The Evolution of Halifax Ice Cream

Dickie Dee is long gone, but you can still get a delicious popsicle from a bicycle, if you know where to go.

Chicken Little Kejimikujik Campfire S’mores

If you grew up in Halifax-Dartmouth and are slightly older than a millennial, you likely remember the soft jangling of the Dickie Dee bells ringing through your neighbourhood over the summer months. Propelling the freezer-on-a-tricycle contraption was a great summer job for teenagers, and the sidewalk service was a mighty fine way to get your lips around a Fudgesicle on a hot summer’s day. Moving ahead several decades, Halifax has a wide range of truly exciting ice cream and gelato options, with influences from around the world. Plus, you can still get a delicious popsicle from a bicycle, if you know where to go. From plain vanilla soft serve to unicorn-themed bubble waffles, here’s the scoop Halifax ice cream places that still exist today.

1960s: Dairy Queen

No one seems to remember when or where the first Dairy Queen in Halifax was, but one thing no one’s grandparents can forget is that in the early 1960s, rock and roll singer and teenage heartthrob Bobby Curtola performed at the Dartmouth Main Street Dairy Queen location to an eager crowd of rock and ice-cream loving fans. Whether you’re into the classic Dilly Bar or the calorific Blizzard concoction, modern DQ is still a great place to go for a cool first date.  

DQ Grill and Chill 162 Main St, Dartmouth


1987: Triple A


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The family-owned Jubilee Road location of Triple A opened in 1987 and has become famous for its homemade ice cream sandwiches. Located steps away from Dalhousie University campus, Triple A delivers cool treats and hot food up until 3 a.m. Garlic fingers, donair sauce and ice cream delivered to your door in the middle of the night? We predict a minor surge in business once pot is legalized.

Triple A, 6279 Jubilee Road, Halifax

2002: COWS Ice Cream

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COWS Ice Cream was established on Prince Edward Island in 1983, but it took almost 20 years to make it across the Northumberland Strait to downtown Halifax. The cow-themed ice cream shop is now a hit with tourists on the Halifax waterfront. Try the apple pie flavour for a moo-ving Maritime experience.

COWS Halifax, 1869 Lower Water St


2006: Sugah!

In 2006, Sugah! introduced Halifax to “hand-paddled ice cream”–essentially, ice cream with candy and toppings mixed in–and a year later, established a second location inside an historic house that is part of the Halifax Public Gardens.

“Hand-paddled Moon Mist ice cream with gummy bears is a really popular flavour,” says assistant manager, Nora Adshade. “The locals and tourists love it because it’s a really weird colour combination.” (Moon Mist is a psychedelic swirl of banana, grape and bubblegum; a Maritime only flavour.)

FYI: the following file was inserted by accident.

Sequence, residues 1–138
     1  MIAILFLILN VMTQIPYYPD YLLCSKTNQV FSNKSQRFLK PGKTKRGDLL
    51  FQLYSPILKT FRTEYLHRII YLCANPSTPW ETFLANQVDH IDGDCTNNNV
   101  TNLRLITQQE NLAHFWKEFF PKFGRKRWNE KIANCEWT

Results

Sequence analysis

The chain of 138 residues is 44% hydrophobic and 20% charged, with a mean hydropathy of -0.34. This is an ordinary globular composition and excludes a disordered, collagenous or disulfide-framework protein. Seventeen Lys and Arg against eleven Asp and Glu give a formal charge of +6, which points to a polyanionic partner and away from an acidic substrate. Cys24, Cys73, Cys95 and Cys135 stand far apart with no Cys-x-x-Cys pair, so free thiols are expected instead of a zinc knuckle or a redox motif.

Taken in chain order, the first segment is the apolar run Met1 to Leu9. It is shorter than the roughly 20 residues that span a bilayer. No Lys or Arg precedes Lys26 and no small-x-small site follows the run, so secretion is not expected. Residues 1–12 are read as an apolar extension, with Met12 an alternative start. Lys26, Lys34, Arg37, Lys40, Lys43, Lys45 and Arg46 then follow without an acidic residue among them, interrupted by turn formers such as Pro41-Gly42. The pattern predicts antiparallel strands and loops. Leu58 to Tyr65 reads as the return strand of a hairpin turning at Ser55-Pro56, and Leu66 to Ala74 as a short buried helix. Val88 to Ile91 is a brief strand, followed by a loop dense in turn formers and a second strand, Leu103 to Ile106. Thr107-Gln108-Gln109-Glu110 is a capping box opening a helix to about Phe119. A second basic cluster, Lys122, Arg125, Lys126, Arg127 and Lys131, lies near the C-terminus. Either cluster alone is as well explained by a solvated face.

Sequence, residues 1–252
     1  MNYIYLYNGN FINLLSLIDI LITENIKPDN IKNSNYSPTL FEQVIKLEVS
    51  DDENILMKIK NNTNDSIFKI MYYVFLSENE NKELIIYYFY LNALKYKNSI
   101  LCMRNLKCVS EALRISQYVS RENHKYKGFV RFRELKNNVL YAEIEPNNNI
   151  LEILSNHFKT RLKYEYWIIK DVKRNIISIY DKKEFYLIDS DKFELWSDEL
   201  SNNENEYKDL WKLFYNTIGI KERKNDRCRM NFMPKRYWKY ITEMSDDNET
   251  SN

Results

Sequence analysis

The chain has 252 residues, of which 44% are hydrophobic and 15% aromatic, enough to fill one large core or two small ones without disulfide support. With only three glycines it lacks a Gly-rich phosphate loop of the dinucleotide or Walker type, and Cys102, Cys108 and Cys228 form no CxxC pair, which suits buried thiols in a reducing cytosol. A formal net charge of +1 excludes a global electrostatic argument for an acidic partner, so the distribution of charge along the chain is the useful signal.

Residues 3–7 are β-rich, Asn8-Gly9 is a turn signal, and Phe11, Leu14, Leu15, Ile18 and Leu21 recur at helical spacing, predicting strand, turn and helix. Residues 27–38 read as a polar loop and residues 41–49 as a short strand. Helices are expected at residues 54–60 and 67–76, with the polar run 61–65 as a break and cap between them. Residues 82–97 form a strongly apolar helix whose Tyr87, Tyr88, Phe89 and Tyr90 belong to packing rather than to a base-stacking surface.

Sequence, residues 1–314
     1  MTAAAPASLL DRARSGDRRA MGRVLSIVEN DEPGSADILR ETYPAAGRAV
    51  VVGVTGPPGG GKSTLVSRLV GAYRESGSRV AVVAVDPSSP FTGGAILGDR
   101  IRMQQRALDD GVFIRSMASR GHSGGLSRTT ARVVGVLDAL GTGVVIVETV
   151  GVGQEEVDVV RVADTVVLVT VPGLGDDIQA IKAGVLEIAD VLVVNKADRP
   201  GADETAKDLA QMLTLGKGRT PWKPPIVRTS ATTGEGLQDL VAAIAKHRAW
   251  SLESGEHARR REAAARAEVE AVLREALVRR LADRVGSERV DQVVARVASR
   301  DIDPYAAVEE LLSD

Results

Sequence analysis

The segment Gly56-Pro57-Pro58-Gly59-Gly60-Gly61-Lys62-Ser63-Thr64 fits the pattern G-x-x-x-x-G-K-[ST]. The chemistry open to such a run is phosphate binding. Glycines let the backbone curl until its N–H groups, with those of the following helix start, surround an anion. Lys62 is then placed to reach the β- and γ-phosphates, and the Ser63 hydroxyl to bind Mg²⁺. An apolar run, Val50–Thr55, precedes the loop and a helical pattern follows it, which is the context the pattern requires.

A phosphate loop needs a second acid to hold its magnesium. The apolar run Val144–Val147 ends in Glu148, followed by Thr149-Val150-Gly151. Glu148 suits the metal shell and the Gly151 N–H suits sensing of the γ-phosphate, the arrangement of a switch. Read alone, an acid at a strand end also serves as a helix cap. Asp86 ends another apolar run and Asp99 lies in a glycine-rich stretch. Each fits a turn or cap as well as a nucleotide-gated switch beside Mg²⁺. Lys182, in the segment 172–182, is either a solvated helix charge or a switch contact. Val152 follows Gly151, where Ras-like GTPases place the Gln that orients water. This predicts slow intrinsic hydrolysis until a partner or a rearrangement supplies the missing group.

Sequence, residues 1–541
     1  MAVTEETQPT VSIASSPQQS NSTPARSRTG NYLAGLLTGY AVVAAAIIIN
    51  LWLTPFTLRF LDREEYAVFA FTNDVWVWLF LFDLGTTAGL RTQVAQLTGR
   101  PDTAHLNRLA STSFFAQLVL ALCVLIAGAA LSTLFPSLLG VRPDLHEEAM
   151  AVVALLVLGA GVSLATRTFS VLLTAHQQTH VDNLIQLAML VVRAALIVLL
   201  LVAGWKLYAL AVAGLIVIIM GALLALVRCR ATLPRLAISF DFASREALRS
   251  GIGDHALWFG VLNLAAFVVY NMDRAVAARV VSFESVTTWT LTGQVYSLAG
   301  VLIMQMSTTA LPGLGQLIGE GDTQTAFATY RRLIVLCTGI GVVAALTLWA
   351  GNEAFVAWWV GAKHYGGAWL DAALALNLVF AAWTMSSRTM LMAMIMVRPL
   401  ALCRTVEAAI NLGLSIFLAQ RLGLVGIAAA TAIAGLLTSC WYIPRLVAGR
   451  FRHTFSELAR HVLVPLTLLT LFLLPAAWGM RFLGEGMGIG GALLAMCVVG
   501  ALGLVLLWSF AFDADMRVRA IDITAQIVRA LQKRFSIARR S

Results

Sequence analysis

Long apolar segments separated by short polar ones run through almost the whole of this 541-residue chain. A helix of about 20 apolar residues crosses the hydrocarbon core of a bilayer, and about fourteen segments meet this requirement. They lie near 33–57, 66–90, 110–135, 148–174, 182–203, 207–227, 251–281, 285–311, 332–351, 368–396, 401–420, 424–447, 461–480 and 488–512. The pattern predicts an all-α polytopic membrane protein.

Sugah! Confectionary and Ice Cream Emporium, 1479 Lower Water St, and the Public Gardens Halifax


2010: Dee Dee’s

Born in Peggy’s cove in 2004, Dee Dee’s flagship location was established in 2010 on the corner of Cornwallis and Bauer St. in Halifax. Since then, the family-run business has earned an admirable number of food and drink awards, including Halifax Curated Magazine’s 8th Best Restaurant in 2018. A must-try ice cream is the Mexican: dark chocolate with a hint of cinnamon, nutmeg and a hot cayenne kick.

Dee Dee’s, 5668 Cornwallis St. Halifax


2010: Humani-T Café


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Humani-T Café gained control of the gelato market in North End Halifax with a mouth-watering selection of unique gelato flavours, hand-crafted from scratch, with a focus on vegan options. Its most popular flavour is Mini-egg gelato, but coffee lovers will want to try an affogato – the café’s Espresso 1749 blend poured over your favourite gelato.

Humani-T Café, 5755 Young Street, and 1451 South Park Street, Halifax


2011: Chicken Little

Chicken Little has all the favourite Maritime flavours, including Moon Mist, Grape Nut and a new one: Kejimikujik Campfire S’mores (named after a favourite Nova Scotia National Park). Located behind Canada’s oldest drive in diner on the Bedford Highway, this is the best location for families, and the best bang for your buck with a generously sized kiddie cone costing only $1.50 plus tax.

Chicken Little, 1531 Bedford Highway, Bedford


2016: Polka Dot Ice Pops


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Polka Dot Ice Pops hit the streets in June 2016, serving refreshingly healthy homemade popsicles from her cute “popcycle”. Last year’s flavours included Sweet with Heat Peach, mango-habanero and ginger-blueberry-kombucha.

2017: Dairy Bar

The only thing comparable to ice cream on a hot summer day is beer on a hot summer day! In 2017, Haligonians were invited to combine their favourite summertime vices at The Dairy Bar, which can be accessed from a kiosk window on South Park St. or from inside the Stillwell Beer Garden on Spring Garden Road.

Dairy Bar, 5688 Spring Garden Road


2018: Café Taiyaki 52


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Served in a bright, spacious café space on Brunswick Street, these fish-shaped, ice-cream filled desserts are new for Halifax, and are as Instagrammable as they are delicious.  

Café Taiyaki 52, 2009 Brunswick St., Halifax

2018: Portland St. Crêperie

Bubble Waffles are a new concept for Dartmouth, and a new taste too. The popular creperie uses premium ice cream from Central Smith Ice Cream, delivered from Ontario. “They have some crazy flavours,” says owner, Neil Cook, “and they have really nice ice cream.”

The team at Portland St. will offer a new feature ice cream every week or so throughout the summer, with creations such as Rainbow Sprinkle Unicorn Love.

Portland St. Crêperie, 55 Portland St, Dartmouth